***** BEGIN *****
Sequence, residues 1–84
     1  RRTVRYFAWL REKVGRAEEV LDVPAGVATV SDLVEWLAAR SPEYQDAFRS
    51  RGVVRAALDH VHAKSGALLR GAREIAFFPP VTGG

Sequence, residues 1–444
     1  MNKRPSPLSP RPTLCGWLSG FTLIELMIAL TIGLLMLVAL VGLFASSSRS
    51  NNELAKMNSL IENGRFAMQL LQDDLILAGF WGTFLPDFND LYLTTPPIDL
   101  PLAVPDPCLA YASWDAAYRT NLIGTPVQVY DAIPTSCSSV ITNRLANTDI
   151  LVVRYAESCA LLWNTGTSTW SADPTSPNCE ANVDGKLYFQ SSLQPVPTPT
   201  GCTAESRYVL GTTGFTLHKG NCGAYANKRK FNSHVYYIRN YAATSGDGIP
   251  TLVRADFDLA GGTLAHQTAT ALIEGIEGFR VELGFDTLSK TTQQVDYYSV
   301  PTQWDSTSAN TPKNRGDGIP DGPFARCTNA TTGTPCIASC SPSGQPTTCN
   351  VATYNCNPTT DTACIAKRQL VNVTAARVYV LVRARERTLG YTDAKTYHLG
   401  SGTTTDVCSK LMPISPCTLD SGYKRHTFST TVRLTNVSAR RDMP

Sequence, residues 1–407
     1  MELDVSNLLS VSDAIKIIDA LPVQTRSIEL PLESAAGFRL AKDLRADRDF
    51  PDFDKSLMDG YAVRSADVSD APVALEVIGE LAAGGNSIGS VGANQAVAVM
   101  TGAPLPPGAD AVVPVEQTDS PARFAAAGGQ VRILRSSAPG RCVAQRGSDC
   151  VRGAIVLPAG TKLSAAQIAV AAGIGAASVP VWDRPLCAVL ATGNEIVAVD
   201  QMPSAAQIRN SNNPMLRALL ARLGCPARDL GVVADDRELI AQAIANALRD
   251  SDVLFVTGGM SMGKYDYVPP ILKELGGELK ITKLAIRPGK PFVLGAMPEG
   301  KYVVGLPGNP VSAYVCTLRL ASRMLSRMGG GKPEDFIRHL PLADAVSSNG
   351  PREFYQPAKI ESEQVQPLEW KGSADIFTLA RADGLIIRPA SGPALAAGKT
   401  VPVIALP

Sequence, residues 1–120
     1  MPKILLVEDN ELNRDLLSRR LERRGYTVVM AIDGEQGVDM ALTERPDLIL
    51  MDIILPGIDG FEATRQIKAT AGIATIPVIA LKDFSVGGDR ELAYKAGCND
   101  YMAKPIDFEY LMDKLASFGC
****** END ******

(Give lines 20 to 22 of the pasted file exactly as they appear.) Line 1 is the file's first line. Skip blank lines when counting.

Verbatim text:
   251  SDVLFVTGGM SMGKYDYVPP ILKELGGELK ITKLAIRPGK PFVLGAMPEG
   301  KYVVGLPGNP VSAYVCTLRL ASRMLSRMGG GKPEDFIRHL PLADAVSSNG
   351  PREFYQPAKI ESEQVQPLEW KGSADIFTLA RADGLIIRPA SGPALAAGKT